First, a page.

Wow. Ok, this poor little blog has been neglected for some time. So, what could draw me back? Is it merely in the quest for something to do in the endless hours of prolonged lockdown or having something new and topical to say about the recent Coronavirus pandemic? No. I’m making a comeback and breathing some new life into this blog because I watched Midsommar last night and I need to talk through the weird choices in this weird movie that left me totally confused. So… let’s discuss.
I decided to watch Midsommar because I’m on a bit of a catch-up kick at the moment. I’ve typical avoided horror movies all of my life, letting the occasional few slip the net but mostly I steer myself away from them. I don’t really know why, perhaps because for me horror films seem very hit and miss and I hate the feeling of complete hopelessness some horror directors are determined to leave you with as the credits roll. But, I’ve been desperately trying to broaden my viewing habits lately so I’ve been watching a couple of the recent horror hits including It and A Quiet Place, both films I quite enjoyed. My only real issue with It was its runtime, it does feel like a movie that could be told in much less time which is also one of my key criticisms of Midsommar. Does this film need two and a half hours to tell this story? Several very slow scenes where you know exactly what’s about to happen anyway (example, the cliff scene) suggest no.
To kick this off let me just say I know Midsommar is a ‘companion’ film to Hereditary, which I haven’t seen. Maybe I would have got Midsommar a bit more if I had, I will get around to watching Hereditary at some point but probably not some time soon.
Now, just because I don’t love this movie doesn’t mean I hate it. I don’t. There’s plenty to like. A big aspect of the praise for this film comes from the acting and cinematography, both of which I totally agree are the film’s highlights. Florence Pugh is a star who’s only due to rise higher and higher and she proves it in this movie. There’s not a bad actor in the cast. They all carry off their parts (ambiguous as some of them are but I’ll get to that) really effectively and the relationships between the core group of characters really do carry through the drama and conflict through the first and second acts.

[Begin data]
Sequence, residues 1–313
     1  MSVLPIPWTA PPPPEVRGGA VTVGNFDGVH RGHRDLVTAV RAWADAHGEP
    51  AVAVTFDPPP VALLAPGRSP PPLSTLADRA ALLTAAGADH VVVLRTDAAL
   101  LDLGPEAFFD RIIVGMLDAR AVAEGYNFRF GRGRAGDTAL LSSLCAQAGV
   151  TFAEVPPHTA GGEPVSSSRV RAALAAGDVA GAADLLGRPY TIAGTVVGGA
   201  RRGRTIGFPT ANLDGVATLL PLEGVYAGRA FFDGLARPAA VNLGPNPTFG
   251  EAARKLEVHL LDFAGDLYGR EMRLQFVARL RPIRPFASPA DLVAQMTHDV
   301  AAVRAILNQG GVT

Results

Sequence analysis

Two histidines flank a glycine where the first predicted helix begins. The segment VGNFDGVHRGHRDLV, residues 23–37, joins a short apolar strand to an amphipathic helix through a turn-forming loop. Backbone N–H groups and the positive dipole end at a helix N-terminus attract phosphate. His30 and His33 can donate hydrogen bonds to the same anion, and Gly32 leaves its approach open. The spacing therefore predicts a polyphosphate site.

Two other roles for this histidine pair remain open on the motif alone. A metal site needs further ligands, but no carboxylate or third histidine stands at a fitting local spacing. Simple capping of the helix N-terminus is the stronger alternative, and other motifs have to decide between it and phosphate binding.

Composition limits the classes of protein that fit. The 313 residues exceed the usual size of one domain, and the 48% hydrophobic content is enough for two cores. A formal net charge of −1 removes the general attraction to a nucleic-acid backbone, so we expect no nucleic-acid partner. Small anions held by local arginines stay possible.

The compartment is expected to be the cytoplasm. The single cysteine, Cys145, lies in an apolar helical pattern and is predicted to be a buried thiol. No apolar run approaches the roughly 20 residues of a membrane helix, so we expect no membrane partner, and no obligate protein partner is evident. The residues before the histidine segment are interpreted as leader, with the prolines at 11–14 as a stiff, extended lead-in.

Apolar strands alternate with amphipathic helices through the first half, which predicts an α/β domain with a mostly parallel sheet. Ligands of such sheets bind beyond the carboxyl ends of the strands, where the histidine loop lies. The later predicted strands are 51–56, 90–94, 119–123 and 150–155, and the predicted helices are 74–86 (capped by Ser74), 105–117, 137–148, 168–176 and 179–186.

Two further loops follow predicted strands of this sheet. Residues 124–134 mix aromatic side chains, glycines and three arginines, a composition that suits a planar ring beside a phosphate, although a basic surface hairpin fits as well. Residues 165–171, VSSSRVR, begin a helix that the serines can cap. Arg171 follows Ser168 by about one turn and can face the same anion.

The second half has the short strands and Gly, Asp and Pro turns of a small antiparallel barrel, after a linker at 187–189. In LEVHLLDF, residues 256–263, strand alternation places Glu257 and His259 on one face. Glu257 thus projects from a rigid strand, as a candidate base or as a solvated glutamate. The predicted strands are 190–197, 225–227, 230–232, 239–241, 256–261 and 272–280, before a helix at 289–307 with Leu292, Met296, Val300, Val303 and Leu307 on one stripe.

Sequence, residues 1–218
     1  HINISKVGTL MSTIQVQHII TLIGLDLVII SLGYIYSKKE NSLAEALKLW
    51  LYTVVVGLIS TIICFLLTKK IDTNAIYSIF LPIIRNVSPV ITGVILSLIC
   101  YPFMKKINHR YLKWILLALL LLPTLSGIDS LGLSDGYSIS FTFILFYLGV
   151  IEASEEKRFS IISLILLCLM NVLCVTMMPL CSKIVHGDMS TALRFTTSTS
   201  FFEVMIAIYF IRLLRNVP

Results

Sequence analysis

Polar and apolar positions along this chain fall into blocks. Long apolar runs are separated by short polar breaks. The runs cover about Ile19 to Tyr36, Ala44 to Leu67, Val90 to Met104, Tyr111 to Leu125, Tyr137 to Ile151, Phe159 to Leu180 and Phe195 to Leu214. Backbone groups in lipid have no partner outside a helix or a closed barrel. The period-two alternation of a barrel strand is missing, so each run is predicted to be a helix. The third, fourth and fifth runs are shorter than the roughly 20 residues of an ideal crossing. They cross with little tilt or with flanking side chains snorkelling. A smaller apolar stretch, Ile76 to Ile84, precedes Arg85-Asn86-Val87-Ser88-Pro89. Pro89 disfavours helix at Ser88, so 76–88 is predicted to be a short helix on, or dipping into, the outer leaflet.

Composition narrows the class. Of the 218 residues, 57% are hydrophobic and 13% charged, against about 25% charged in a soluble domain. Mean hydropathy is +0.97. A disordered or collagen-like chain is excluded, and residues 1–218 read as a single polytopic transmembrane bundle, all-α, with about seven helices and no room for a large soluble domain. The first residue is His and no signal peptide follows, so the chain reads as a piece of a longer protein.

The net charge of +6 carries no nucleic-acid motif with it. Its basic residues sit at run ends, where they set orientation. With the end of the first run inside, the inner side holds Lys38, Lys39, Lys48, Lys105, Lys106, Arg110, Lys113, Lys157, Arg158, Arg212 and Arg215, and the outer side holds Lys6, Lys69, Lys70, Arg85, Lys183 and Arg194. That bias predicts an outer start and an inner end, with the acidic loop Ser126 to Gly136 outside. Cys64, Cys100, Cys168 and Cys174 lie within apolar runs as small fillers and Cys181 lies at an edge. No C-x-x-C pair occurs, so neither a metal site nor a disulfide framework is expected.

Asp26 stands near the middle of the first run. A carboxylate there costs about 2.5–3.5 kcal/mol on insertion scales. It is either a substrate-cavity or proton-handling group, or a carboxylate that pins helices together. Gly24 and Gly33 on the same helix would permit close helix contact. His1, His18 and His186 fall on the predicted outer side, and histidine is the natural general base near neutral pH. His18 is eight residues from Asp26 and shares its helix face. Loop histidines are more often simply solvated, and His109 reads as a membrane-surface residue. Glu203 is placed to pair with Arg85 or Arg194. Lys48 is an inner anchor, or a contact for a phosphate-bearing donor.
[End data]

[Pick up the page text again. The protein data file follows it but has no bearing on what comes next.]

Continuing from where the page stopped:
The cinematography and choice to have the film take place nearly exclusively in the daylight is also really creative. There’s no denying this film is a slow burn but turning the horrors we do see on screen away from the darkness we usually see in horror and making them clearly visible in the light of day is a bold move and one I really liked. The set of the commune is also beautiful and the nature imagery and special effects tied in with Dani’s development in a really interesting way.
However, for all these strengths, I also had some major issues with this film. Most of which are plot-based. I’ve already mentioned the run-time so we’ll start there – although this does mean we’re going to be starting with the end (though we’ll be getting there much quicker than the movie).
The Slow Burn with Little Pay-Off
One of the key issues I have with this film was the climax and ending. The character development throughout had felt like it was really building up to a powerful moment for Dani, especially since she had literally been granted power over others for the first time in the film by being declared The May Queen.